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Eight Minutes Of Fury
Pat Putnam
April 22, 1985
Marvin Hagler unleashed an all-out assault against Thomas Hearns to retain his middleweight crown
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April 22, 1985

Eight Minutes Of Fury

Marvin Hagler unleashed an all-out assault against Thomas Hearns to retain his middleweight crown

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There was a strong wind blowing through Las Vegas Monday night, but it could not sweep away the smell of raw violence as Marvelous Marvin Hagler and Thomas Hearns hammered at each other with a fury that spent itself only after Hearns had been saved by the protecting arms of referee Richard Steele. The fight in a ring set up on the tennis courts at Caesars Palace lasted only a second longer than eight minutes, but for those who saw it, the memory of its nonstop savagery will remain forever.

Hagler's undisputed middleweight championship was at stake, and for the first time since he won it from Alan Minter in 1980, people had been questioning his ability to retain it. In the weeks leading up to the fight, Hagler fumed as the odds tilted back and forth before settling on the champion by the narrowest of margins. Hagler's pride was sorely stung, and a deep burning anger wrote his battle plan.

It was a simple strategy, one that could have been designed by Attila: Keep the swords swinging until there are no more heads to roll, give no quarter, take no prisoners. There would be only one pace, all-out; only one direction, forward.

It was a gamble, for Hagler would be exposing his 30-year-old body to the cannons that had knocked out 34 of the 41 men his 26-year-old challenger had faced and had earned Hearns the nickname Hit Man. "But he ain't never hit Marvin Hagler," the champion sneered. "I've taken the best shots of the biggest hitters in the middleweight division, and I've never been off my feet [ Hagler considers his knockdown by Juan Roldan a slip]. And this guy isn't even a middleweight. Hit Man, my ass."

Hearns, as the challenger, came into the ring first—tall and strikingly muscular at 159� pounds—wearing a red robe with yellow trim. He jumped up and down to limber up his leg muscles, and then he strolled around the ring smiling. Hagler followed, in a royal-blue robe over trunks of the same color. Most champions keep challengers waiting alone in the ring as long as possible, but Hagler had warmed up well in his dressing room and he wanted to make his appearance while the sweat was still oiling his body. Entering the ring, he fixed Hearns with a scowl that never wavered, not even during Doc Severinsen's trumpet version of the National Anthem.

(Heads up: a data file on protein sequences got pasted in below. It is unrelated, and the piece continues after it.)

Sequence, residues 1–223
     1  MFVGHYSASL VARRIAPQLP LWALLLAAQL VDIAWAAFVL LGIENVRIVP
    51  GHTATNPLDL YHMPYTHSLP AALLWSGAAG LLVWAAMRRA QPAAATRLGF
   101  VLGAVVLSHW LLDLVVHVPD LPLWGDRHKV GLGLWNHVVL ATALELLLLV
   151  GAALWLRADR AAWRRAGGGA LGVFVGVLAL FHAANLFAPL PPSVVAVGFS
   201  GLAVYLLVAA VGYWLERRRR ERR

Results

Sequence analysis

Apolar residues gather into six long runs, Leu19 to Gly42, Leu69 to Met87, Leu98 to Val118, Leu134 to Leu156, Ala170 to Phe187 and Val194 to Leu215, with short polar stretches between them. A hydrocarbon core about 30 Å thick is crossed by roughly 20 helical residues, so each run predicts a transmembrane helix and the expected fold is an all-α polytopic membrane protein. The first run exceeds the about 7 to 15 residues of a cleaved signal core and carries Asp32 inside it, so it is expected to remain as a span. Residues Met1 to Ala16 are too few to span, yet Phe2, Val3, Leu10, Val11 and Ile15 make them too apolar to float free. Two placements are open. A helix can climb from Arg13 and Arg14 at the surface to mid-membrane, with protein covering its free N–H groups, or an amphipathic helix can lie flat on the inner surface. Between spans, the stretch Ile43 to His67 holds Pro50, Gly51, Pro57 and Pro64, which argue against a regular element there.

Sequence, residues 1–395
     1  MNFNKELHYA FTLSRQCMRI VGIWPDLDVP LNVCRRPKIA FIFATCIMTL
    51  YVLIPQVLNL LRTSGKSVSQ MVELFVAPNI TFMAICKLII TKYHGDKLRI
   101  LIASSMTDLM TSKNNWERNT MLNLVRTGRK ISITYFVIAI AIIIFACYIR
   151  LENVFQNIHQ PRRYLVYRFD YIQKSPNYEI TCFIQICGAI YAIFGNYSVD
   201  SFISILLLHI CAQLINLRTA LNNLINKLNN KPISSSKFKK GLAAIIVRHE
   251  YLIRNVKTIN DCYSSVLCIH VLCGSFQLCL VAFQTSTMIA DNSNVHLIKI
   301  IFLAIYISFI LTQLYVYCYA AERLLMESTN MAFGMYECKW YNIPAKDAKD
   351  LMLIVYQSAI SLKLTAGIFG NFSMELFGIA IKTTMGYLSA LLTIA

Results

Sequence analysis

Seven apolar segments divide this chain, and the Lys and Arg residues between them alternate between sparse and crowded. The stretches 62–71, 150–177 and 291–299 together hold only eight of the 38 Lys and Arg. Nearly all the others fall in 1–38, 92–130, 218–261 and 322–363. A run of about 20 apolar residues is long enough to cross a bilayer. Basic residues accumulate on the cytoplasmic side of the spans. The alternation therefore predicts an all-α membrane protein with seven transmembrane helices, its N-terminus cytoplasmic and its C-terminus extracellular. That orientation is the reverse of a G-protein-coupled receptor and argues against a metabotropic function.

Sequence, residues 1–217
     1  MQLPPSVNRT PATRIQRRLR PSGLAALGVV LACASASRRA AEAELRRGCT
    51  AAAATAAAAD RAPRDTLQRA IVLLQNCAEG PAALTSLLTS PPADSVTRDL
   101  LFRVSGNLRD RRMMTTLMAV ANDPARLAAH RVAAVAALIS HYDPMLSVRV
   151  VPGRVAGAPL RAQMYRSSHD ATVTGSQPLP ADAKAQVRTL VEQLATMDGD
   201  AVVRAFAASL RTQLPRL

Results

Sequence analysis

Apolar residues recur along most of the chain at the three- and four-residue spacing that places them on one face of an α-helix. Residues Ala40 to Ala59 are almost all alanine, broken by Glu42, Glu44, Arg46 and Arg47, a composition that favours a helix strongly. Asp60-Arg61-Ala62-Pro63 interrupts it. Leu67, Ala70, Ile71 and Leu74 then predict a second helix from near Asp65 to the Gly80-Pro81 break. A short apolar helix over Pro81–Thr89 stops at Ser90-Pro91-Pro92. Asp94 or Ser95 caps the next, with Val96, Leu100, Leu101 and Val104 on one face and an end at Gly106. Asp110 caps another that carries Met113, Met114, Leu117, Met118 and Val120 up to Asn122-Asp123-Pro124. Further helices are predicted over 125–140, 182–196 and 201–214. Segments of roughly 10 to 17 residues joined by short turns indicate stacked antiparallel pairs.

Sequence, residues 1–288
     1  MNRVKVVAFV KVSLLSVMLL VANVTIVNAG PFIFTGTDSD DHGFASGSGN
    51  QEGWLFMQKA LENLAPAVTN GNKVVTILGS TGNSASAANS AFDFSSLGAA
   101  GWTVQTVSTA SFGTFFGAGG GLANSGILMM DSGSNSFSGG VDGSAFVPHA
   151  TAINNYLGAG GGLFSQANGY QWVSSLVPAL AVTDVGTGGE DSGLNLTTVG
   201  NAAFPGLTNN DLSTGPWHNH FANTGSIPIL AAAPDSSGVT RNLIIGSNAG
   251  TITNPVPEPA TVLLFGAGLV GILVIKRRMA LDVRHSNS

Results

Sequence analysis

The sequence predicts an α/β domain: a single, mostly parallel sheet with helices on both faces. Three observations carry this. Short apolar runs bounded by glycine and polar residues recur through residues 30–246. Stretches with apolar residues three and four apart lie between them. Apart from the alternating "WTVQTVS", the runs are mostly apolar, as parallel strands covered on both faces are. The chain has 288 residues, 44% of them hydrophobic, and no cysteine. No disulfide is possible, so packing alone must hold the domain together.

When the bell rang, the war was immediately on. "I think Marvin may come out so fired up that we'll just have Tommy stick and move," Emanuel Steward, the challenger's manager, had said. " Hagler will be so juiced up, after seven or eight rounds it'll rob his strength. Then we'll go for the late knockout."

But Steward underestimated just how juiced up the champ would be. Hagler never gave Hearns a chance to do anything but fight for his life. The 5'9�" champion swept over his 6'2" opponent like a 159�-pound tidal wave. There were no knockdowns in the first round, but only because both men were superbly conditioned and courageous athletes. Surely each hit the other with plenty of blows powerful enough to drop lesser mortals. In all, 165 punches (by computer count) were thrown by both fighters: 82 by Hagler, 83 by the challenger.

Startled by the intensity of Hagler's assault, Hearns replied in kind. He's normally a sharpshooter from the outside, but only 22 of his 83 punches were jabs. Hagler, attacking Hearns's slender middle with his first volley, threw none. "I started slugging because I had to," Hearns admitted later. "Marvin started running in, and I had to protect myself."

It was a sensational opening round. Both fighters were rocked during the violent toe-to-toe exchanges, and midway through the round the champion's forehead over his right eye was ripped open either by a Hearns right hand or elbow. With Hagler not bothering with defense, Hearns went for the quick kill. His gloves became a red blur as he rained punch after punch on the champion's head—and it would prove his undoing.

"He fought 12 rounds in one," Steward said later.

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